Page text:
" Euphorion LI (1957). 115. and a hero high on a hilltop catches the eye of a girl 1o Translation often destroys the spatial effect of Eichendorffs linguistic manipulations (e." In one novel. Details on how Eichendorffs grammar contributes to his spacious scenes are in Richard Alewyn's important article. disregard for the empirical possibilities of sense perception. Though it may seem impossible that the bride's tears are visible such a great distance from the knight. the view simultaneously embraces an entire vista and the tiniest distant detail. Incredibly spacious landscapes are a hallmark of his work. edited by Paul Stocklein (Munich. The resulting picture. 1960). with its impression of great space and distance. creating images of vast distances which exceed quotidian vision. Caspar David Friedrich. In addition to this special point of view. The poet painted enormous scenes. pp. the crashing beams of a burning house are seen at an astonishing distance." in strophe three).. "Eine Landschaft Eichendorffs. placing detachable prefixes denoting direction far from their verb roots). resembles those painted by Eichendorffs contemporary. 4260. p. Rather than presenting two self-contained and contrasting scenes.g. . and directional verb prefixes which direct the reader's inner sight across the great distances depicted in his poems. for example.lo In Aufeiner Burg. outside and around the watchtower ("draussen. prepositions. Eichendorff portrays a stony knight on the stormy heights. and all four lines of the last strophe. there are many instances of views unimpeded by reality: a woman spots a piece of jewelry sparkling across a wide valley. the two figures are part of the same landscape. and Leo Spitzer's response to Alewyn in "Zu einer Landschaft Eichendorffs. reprinted in EichendorffHeute. From a point that seems to be suspended in mid-air. space is an equally essential feature of his writing.. It is not unusual for Eichendorff's landscapes to exhibit this sort of "spatial and visual ." Euphorion LII (1958). Eichendorffs landscapes owe much to the constant and distinctive use of spatial adverbs.. Frequently his landscapes are presented from a strangely omniscient viewpoint fixed high in the air. 142-52. The poem's single landscape easily encompasses these various elements. 17-43. and a wedding party passing in the valley below.) While sonority is an important element in Eichendorff's poetry.THE JOURNAL OF MUSICOLOGY 574 strophes with lines one and three of the third strophe. " Schlager. the view stretches across the whole poem: up and into the tower high above ("oben. the typical all-inclusive view sweeps through the entire work." stated twice in the first two strophes).ll The wedding party of Auf einer Burg is not situated in a scene separate from the watchtower. and far down to the river below ("da unten" in the last strophe). a decaying watchtower.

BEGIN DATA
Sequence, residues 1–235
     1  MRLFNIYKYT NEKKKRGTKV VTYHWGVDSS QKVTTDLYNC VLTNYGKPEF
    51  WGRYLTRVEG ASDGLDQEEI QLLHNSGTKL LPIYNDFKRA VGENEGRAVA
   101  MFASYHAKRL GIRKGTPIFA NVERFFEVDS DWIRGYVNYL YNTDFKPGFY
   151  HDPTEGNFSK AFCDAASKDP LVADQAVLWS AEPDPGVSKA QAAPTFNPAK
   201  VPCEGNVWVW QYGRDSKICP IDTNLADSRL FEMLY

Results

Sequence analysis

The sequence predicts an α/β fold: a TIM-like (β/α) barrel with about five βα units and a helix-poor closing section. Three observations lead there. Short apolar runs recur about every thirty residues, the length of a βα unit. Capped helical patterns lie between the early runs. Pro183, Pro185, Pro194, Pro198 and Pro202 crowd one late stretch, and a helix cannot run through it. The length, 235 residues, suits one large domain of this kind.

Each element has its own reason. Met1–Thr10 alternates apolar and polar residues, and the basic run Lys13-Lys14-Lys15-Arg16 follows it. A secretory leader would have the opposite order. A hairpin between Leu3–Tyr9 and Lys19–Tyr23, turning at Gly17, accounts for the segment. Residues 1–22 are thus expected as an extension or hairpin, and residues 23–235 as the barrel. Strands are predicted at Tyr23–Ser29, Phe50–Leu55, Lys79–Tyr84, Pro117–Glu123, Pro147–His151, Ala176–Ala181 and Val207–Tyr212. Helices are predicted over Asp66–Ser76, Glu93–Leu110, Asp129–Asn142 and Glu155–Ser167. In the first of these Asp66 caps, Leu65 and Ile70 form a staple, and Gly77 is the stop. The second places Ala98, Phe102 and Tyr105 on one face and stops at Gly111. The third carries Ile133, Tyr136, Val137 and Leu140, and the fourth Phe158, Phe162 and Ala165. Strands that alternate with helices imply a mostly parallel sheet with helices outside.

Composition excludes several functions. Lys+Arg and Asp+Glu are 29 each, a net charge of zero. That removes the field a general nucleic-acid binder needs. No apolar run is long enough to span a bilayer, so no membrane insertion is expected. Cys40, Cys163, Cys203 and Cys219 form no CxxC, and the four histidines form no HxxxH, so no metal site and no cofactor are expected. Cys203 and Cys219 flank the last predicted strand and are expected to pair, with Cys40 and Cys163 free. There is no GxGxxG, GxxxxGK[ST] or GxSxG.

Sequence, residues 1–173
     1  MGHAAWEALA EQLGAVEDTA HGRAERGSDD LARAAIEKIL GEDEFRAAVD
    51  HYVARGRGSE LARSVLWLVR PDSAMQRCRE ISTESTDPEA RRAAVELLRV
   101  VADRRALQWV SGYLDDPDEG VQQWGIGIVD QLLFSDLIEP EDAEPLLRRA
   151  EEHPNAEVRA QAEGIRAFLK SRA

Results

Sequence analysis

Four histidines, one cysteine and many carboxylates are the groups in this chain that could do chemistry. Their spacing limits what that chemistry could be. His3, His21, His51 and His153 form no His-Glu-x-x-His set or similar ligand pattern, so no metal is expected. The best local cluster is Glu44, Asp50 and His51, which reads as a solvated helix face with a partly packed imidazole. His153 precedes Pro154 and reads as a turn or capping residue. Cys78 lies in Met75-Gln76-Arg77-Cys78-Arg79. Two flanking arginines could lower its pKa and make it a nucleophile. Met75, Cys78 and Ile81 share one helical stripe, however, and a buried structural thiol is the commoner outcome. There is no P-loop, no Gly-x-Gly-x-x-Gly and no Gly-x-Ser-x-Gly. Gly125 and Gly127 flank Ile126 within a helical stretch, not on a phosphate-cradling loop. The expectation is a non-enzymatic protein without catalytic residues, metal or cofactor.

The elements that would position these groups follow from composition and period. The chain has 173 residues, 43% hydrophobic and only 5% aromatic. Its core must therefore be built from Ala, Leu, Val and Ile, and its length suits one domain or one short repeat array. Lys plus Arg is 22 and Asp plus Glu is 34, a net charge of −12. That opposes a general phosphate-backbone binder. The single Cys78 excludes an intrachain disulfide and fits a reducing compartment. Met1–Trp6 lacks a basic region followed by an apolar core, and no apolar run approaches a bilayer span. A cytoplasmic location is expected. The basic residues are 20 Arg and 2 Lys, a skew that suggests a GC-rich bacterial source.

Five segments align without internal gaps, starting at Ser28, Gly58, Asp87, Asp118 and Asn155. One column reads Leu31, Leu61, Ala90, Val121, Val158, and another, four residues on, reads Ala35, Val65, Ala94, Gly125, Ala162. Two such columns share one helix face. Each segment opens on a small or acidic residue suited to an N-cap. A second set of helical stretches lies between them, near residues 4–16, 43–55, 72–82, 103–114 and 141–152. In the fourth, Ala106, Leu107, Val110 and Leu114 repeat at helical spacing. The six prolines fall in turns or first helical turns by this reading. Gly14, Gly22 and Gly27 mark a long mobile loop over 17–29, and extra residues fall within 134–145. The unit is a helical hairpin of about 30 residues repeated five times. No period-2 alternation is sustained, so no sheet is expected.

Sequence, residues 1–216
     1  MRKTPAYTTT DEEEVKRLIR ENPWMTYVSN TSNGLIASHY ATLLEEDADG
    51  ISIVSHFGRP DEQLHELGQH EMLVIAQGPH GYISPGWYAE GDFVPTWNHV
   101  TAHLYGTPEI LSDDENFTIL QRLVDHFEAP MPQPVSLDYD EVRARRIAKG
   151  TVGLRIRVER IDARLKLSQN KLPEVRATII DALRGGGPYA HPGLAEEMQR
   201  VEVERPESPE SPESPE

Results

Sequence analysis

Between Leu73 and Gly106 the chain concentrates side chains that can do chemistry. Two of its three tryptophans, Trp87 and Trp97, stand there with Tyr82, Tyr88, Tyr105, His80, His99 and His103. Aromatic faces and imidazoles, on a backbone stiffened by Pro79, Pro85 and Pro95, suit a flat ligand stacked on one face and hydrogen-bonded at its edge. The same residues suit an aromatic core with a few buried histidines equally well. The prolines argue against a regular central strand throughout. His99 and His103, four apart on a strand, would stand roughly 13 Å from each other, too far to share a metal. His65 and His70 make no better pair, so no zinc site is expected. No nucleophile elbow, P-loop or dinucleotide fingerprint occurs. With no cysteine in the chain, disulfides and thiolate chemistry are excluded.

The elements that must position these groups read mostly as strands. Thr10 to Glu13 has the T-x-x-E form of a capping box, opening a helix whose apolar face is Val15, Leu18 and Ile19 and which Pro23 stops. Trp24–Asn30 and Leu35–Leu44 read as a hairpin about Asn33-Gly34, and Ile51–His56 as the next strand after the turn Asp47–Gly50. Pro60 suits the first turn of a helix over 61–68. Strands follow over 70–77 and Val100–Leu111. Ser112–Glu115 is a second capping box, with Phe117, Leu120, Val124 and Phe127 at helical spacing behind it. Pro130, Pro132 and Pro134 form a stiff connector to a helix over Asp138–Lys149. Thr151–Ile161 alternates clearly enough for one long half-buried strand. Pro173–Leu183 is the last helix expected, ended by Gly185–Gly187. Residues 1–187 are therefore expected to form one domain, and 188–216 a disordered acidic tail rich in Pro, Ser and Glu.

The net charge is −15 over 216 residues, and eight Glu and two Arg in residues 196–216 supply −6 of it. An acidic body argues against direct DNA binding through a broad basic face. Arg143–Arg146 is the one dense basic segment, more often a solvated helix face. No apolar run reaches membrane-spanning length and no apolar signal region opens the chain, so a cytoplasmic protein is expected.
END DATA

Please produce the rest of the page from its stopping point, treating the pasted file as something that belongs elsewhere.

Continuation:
150. Only the emperor's enormous blackbirds remain. but they express the ontology of man'sfate and existence. Quite simply. 465-81. vehicles for the transmissionof subjective emotions. 575 ."'l To appreciate the metaphysical significance of the landscape in Auf einer Burg. a third aspect of Eichendorffs style must be examined. For. Barbarossa is not dead.'4 It is German mythology that dictates the content of the puzzling poem Auf einer Burg. 145. four-line strophes.. has fallen into ruin. drowned en route to Jerusalem in 1190... 150. seemingly asleep. and Thym. As he keeps watch through the centuries. "Eichendorffs Symbolic Landscape." Publication of the Modern Language AssociationLXXII (1952). XIII (1959/60). 1961). the royal castle on the mountain's peak. unlike the scenery found in much romantic prose and poetry: Eichendorffs landscapes are not decorative materialintroduced at will for the sake of background or atmosphere.S. Meanwhile. circling the 12 Detlev W. Yet permeating the entire lyric is precise and significant reference to one particular and centrally important myth: the legend of Friedrich Barbarossa. end-rhyme pattern of a-b-a-b. There was an historical Emperor Friedrich I. nicknamed Barbarossa. The Influenceof the GermanVolkslieder Eichendorffs Lyric(Leipzig. He was a popular German ruler who. pp. 1910). There he sits. In addition to general stylistic influences.l2 Such instances are not the result of faulty depth perception or accidents in perspective. Jacob Harold Heinon zelmann. "Eichendorffs Conception of the Supernatural World of the Ballad. awaiting his opportunity to return and lead the German people in their time of need. he miraculously survives in a secret cavern inside a mountain called Kyffhauser. Eichendorffs unique landscapes are "illustrative of metaphysical positions. reprinted in Essaysin Germanand Comparative Literature(Chapel Hill. 195-206. and the occasional impure rhymes. According to legend. pp. 14 See Gillian Rodger. deserted for many years. 562. These stylistic influences are easily identified in Auf einer Burg: the simple syntax. however. as still as a statue on an ancient throne. Eichendorff's writings often were inspired by specific stories from Germanic folklore.EICHENDORFF AND SCHUMANN riding on horseback far below. "Some Scenic Motifs in Eichendorffs Ahnung und Gegenwart. or misunderstood. The profound impact of legend on this poem has been ignored." GermanLife and LettersN. his renowned red beard continues to grow to such great length and strength that it mingles with the very roots of the mountain. underestimated. Traces of Germanic folk tradition are apparent in many of Eichendorffs works. 13 Oskar Seidlin. 24-29. by some accounts. Schumann. Rather. [they] are not self-contained pictures."Journal of English and GermanPhilology LVI (1957).